Spain has accrued, over the years, its own small selection of theme parks. Terra Mitica in Benidorm and Port Aventura in Tarragona are perhaps the best known. It looks like there are plans for them to be joined by possibly three more parks across the country. The plans for the Paramount theme park are well underway with the first stone having been laid. Of course, whether it will be followed by a second stone is still under debate.
There are rumours circulating that we could see a ‘European Las Vegas’ opening outside Madrid and, not to be outdone, a Barcelona World in Catalonia. Anyone who is aware of the financial difficulties that Terra Mitica has found itself in may well be forgiven for raising an eyebrow. Can Spain really support another three theme parks when the ones it has already are struggling as it is?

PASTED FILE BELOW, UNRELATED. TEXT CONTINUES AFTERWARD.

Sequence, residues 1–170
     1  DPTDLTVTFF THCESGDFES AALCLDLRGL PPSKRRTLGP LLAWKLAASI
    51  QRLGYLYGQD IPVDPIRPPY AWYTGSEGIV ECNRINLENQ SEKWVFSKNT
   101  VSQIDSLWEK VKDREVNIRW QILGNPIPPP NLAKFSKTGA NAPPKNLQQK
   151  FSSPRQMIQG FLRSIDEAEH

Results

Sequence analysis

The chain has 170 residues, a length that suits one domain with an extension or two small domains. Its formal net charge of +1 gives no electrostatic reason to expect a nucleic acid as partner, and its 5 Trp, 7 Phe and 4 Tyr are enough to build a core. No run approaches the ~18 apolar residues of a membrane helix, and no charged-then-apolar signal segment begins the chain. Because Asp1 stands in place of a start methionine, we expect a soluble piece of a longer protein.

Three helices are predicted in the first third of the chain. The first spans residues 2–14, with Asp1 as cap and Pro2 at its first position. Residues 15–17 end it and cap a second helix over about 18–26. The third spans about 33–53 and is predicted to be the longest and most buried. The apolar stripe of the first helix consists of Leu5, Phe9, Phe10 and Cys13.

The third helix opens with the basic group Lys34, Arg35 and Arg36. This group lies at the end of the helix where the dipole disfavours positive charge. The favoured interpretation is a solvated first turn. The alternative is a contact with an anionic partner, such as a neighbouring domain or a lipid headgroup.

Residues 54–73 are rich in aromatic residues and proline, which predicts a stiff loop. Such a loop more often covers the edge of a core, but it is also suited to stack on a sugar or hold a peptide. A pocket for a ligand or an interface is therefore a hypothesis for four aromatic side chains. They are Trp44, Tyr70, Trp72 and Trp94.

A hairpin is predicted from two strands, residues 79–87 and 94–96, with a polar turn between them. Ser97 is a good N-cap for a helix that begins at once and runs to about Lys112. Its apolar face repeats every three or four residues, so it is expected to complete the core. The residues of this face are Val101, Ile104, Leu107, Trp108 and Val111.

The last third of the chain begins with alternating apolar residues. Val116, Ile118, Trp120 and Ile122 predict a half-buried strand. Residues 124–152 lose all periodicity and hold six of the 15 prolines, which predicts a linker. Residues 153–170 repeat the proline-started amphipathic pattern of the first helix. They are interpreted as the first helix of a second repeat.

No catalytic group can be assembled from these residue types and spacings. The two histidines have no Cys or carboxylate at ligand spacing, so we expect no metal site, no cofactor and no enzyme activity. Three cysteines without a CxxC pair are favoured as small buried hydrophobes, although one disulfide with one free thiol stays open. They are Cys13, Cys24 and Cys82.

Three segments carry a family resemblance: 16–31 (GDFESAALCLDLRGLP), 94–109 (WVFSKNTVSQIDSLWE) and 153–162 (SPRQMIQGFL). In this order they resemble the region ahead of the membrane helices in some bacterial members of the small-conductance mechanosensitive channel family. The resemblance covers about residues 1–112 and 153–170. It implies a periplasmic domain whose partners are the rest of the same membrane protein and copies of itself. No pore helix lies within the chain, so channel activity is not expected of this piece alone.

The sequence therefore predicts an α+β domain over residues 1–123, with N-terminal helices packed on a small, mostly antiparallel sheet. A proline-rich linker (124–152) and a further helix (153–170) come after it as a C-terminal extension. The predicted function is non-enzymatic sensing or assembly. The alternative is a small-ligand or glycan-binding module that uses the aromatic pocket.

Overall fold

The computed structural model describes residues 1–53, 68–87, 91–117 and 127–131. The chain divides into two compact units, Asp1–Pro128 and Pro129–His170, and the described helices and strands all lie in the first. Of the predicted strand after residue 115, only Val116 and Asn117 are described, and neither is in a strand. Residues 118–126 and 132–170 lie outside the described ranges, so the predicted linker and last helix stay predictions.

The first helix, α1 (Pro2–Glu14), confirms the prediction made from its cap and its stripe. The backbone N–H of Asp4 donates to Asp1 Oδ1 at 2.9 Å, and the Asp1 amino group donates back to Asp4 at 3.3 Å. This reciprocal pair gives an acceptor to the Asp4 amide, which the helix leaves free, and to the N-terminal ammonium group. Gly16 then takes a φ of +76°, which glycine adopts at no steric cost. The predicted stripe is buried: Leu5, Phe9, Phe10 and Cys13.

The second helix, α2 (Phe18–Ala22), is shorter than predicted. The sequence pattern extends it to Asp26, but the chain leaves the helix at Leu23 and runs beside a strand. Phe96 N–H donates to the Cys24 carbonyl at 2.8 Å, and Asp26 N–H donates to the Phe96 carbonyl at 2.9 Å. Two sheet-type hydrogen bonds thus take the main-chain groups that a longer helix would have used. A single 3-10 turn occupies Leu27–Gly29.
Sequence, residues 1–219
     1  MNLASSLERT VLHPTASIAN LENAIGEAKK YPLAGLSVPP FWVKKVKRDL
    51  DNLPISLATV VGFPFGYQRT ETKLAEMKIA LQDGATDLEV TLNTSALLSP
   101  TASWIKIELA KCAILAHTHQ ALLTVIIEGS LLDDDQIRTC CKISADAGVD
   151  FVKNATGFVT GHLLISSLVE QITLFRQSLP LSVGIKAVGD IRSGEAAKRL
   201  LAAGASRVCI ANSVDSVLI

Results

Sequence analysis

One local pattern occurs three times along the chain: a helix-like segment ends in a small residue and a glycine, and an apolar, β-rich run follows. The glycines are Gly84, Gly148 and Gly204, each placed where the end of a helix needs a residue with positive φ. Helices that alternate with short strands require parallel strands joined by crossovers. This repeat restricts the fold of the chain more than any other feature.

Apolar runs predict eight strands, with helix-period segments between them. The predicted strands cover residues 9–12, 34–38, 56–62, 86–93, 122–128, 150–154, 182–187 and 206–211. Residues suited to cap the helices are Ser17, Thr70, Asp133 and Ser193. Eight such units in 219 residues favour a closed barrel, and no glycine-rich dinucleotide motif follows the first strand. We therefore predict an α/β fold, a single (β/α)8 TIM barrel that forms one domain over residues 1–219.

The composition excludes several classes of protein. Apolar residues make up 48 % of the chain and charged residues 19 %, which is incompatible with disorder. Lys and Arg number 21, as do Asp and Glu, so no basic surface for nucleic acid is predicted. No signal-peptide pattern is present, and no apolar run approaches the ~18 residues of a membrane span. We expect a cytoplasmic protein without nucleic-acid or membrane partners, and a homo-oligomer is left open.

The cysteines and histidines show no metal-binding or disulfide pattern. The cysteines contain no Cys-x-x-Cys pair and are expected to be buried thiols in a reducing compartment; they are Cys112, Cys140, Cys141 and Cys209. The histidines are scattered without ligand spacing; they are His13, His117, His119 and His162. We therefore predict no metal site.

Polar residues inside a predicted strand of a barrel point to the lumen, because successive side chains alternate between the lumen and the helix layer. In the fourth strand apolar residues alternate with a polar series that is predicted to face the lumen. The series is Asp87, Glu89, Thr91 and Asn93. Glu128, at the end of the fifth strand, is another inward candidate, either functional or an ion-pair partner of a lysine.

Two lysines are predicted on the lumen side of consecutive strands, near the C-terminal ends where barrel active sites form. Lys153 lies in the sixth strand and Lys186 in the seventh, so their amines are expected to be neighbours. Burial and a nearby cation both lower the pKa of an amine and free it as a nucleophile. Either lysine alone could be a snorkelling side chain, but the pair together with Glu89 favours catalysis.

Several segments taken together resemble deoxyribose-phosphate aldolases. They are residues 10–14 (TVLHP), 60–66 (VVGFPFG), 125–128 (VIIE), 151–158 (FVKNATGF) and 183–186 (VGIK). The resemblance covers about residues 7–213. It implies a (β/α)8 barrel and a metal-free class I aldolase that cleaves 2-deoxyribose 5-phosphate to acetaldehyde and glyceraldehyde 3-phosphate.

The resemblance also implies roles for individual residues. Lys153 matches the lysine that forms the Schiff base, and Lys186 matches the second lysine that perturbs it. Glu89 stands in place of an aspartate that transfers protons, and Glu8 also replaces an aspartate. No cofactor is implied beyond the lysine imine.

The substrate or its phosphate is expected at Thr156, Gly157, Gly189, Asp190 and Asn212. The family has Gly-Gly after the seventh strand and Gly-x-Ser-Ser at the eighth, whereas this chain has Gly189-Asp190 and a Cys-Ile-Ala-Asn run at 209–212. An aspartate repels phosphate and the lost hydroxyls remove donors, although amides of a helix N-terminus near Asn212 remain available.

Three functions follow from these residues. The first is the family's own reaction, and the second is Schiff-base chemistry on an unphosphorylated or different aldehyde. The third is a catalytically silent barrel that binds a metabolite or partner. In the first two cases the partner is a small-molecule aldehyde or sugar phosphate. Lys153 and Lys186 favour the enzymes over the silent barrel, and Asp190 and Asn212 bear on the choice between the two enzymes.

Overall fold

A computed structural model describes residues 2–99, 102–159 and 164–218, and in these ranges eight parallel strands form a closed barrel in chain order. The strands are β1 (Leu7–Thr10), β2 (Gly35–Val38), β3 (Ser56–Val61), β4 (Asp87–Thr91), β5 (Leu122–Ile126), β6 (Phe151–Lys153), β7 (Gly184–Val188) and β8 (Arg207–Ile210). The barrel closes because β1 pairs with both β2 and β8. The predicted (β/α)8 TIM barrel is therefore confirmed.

In a presseurop article, ‘Eurovegas won’t hit the jackpot’ Jaime Prats argues that it can’t. He goes even further by pointing that it’s not just Spain where themes parks have flopped but across Europe generally. Disneyland Paris is also a failure in comparison to its American sibling.
Jaime argues that the reason for the poor show of theme parks in Europe is that they’ve got other things instead. ‘The model was developed in the United States, where it let people escape the boredom of the suburbs, where leisure options were limited in practice to shopping malls, and the environment the theme parks offered was friendly and safe for families.’
They made the mistake, he argues, of thinking that what went down well in the US would be just as popular in Europe too. Instead the families of Europe are quite happy to pass their leisure time in their local town or city where there are enough ways of amusing yourself than buying into packaged entertainment.
Of course, for the regions where the new theme parks are a possibility, this is not what they want to hear. Brave is the sponsor who tries their luck in this economic environment.